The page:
Experiencing Child Custody and Support Issues? Contact a Family Law Firm for Legal Advice
When you’re looking for family law legal advice, you want to contact a family law practice with your questions. This is particularly important when there are issues with child custody and support. Rather than postpone contacting an attorney for legal advice, it makes sense to do it as soon as possible if you have children and are seeking a divorce.
You may be interested to know that a divorce occurs approximately every 36 seconds in the United States. While marriages that end in divorce last nine years on average, the age at which couples get married has been shown to make a difference.
Couples that marry when they are less than 20 years of age, for example, tend to become divorced more often than couples between the ages of 20-to-24. When couples marry after 25, however, they do not become divorced as often.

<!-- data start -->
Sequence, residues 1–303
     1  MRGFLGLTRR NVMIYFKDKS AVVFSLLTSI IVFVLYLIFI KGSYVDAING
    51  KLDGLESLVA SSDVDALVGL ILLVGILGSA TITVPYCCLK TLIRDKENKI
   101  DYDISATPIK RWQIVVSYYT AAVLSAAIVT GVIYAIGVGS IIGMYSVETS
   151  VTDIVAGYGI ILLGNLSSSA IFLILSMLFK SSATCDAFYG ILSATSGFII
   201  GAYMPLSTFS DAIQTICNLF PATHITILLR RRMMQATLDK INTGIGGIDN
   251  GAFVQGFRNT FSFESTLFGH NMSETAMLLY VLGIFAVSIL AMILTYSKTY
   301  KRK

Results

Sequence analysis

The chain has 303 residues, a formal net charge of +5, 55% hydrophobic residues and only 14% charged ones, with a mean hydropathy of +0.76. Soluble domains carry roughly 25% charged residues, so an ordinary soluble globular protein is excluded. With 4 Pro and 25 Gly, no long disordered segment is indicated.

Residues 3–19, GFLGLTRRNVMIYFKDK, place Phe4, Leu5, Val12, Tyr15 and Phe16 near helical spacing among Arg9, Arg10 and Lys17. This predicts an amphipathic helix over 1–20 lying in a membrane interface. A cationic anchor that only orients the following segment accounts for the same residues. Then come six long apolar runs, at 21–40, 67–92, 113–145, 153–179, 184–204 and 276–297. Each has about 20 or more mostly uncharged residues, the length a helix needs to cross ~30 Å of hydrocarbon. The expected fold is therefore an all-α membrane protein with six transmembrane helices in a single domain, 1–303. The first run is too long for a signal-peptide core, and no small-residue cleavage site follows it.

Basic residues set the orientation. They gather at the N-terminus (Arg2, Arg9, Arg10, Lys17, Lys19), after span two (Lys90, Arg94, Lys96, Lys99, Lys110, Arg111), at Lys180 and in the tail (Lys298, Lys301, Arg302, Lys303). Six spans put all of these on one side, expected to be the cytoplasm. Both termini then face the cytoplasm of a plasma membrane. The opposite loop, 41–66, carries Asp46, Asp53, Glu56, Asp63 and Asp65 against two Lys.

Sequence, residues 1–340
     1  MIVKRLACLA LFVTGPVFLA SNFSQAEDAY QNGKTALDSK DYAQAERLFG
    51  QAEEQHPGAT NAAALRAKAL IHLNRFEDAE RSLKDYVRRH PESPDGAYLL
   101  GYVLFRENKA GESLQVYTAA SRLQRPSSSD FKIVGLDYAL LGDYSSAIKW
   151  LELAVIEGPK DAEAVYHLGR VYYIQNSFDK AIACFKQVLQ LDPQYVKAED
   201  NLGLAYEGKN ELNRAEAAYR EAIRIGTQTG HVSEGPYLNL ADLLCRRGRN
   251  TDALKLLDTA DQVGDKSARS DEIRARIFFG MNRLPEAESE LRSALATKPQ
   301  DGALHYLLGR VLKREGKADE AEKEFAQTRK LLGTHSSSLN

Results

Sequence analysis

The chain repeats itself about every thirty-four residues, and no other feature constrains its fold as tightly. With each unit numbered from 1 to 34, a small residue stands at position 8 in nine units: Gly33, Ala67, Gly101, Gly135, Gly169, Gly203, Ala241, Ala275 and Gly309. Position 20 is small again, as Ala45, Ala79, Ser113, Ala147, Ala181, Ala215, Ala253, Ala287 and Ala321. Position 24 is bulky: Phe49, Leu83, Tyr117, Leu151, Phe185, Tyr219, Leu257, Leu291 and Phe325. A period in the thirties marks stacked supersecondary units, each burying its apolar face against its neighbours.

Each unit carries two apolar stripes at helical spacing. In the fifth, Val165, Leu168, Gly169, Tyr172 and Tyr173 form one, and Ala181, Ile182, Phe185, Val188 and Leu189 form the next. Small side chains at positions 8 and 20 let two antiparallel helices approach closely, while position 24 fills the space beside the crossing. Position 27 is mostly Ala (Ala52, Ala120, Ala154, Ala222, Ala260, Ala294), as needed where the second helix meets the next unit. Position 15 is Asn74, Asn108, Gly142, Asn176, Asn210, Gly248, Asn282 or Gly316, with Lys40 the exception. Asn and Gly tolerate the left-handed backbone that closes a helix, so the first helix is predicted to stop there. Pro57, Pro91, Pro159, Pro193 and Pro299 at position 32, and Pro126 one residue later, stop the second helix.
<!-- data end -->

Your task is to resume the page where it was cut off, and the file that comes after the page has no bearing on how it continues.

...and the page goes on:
When a couple getting divorced has children, many create some type of informal or legal child support agreement. As of October, 2013, this was the case for approximately half of the 14.4 million custodial parents, according to a U.S. Census Bureau report, Custodial Mothers and Father and Their Child Support: 2011.
While the amount of child support custodial parents receive does vary depending on a variety of factors,including the non-custodial parent’s income, the average amount received was approximately $311 a month in 2011. At this time, it was also found that $37.9 billion in back child support was owed, with an average monthly amount due of $500.
Have you been awarded child support and are not receiving the mutually agreed-upon or court-mandated amount? If this is the case, then a family law firm will be able to assist you with this process.
When one or both members of a couple are seeking a divorce, and there are issues with child custody and support, then it’s important to work with an attorney experienced in family law child custody cases. In some circumstances, these family law child custody cases can be resolved out of court. Others, however, may prove challenging and require a judge’s intervention.